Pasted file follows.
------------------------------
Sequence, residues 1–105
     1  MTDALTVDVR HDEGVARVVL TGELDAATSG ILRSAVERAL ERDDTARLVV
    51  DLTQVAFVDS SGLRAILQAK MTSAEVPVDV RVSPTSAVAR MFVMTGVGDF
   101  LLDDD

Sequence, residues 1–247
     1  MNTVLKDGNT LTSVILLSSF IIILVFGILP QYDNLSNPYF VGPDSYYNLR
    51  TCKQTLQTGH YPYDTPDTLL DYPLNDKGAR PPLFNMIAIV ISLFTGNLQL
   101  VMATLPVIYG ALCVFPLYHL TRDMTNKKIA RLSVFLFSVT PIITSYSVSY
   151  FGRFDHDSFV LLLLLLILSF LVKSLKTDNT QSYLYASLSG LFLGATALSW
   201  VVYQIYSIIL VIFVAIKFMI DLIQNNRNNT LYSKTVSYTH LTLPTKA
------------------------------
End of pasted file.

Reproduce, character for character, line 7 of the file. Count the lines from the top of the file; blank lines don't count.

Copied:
    51  TCKQTLQTGH YPYDTPDTLL DYPLNDKGAR PPLFNMIAIV ISLFTGNLQL